baff

Definition from Wiktionary, the free dictionary
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English[edit]

Pronunciation[edit]

Etymology 1[edit]

From Middle English baffen (to bark). Cognate with Dutch baffen (to bark), Low German baffen (to bark), German baffen, bäfzen (to bark), Danish bjæffe (to yelp), Swedish bjäbba (to yelp, bark). Compare buff, yaff.

Verb[edit]

baff (third-person singular simple present baffs, present participle baffing, simple past and past participle baffed)

  1. (intransitive, archaic) To bark; yelp.

Etymology 2[edit]

Probably from Scots baff, beff, bauf, probably from West Flemish baf, baffe (a blow, slap in the face). Compare also Old French baffe (slap in the face) (Modern French baffe), of imitative origin.

Verb[edit]

baff (third-person singular simple present baffs, present participle baffing, simple past and past participle baffed)

  1. To hit or strike, especially with something flat or soft.
  2. (golf) To strike the ground with the bottom of the club when taking a stroke.
Derived terms[edit]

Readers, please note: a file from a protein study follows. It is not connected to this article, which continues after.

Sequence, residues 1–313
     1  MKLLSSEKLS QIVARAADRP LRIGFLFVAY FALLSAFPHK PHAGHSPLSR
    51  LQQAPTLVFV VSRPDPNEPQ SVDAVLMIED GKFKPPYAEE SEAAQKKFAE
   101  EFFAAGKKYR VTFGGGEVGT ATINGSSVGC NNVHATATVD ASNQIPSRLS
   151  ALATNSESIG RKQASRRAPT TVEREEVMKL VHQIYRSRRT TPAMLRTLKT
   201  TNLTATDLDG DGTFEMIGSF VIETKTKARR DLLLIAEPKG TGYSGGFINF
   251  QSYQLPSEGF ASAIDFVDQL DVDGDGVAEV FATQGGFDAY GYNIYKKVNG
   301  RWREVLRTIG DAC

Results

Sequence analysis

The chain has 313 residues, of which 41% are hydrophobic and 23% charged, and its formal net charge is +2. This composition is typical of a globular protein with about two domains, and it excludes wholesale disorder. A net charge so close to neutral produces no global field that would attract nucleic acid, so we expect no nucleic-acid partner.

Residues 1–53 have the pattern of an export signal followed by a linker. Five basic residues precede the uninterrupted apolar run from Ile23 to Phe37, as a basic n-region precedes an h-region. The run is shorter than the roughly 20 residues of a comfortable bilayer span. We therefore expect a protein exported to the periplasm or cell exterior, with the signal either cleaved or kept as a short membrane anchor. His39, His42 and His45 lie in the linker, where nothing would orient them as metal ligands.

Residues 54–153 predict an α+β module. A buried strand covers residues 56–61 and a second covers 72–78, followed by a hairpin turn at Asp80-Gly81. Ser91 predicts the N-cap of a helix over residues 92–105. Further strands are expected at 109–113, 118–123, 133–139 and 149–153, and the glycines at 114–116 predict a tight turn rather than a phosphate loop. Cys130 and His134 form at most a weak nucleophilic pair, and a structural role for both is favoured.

Etymology 3[edit]

(This etymology is missing or incomplete. Please add to it, or discuss it at the Etymology scriptorium.)

Noun[edit]

baff (uncountable)

  1. (Tyneside) blank (Can we add an example for this sense?)

References[edit]


German[edit]

Etymology[edit]

Onomatopoeic

Pronunciation[edit]

  • IPA(key): /baf/
  • (file)

Adjective[edit]

baff (not comparable)

  1. (colloquial, chiefly predicative) flabbergasted
    • 2020 June 1, “Verliebt, verlobt – verschieben?”, in Die Zeit[1]:
      Sie haben gejubelt, hatten Ballons dabei und haben uns Glückwünsche zugerufen. Wir waren so baff. Manche kamen nur dafür von richtig weit her.
      (please add an English translation of this quote)

Declension[edit]

Further reading[edit]

  • baff in Duden online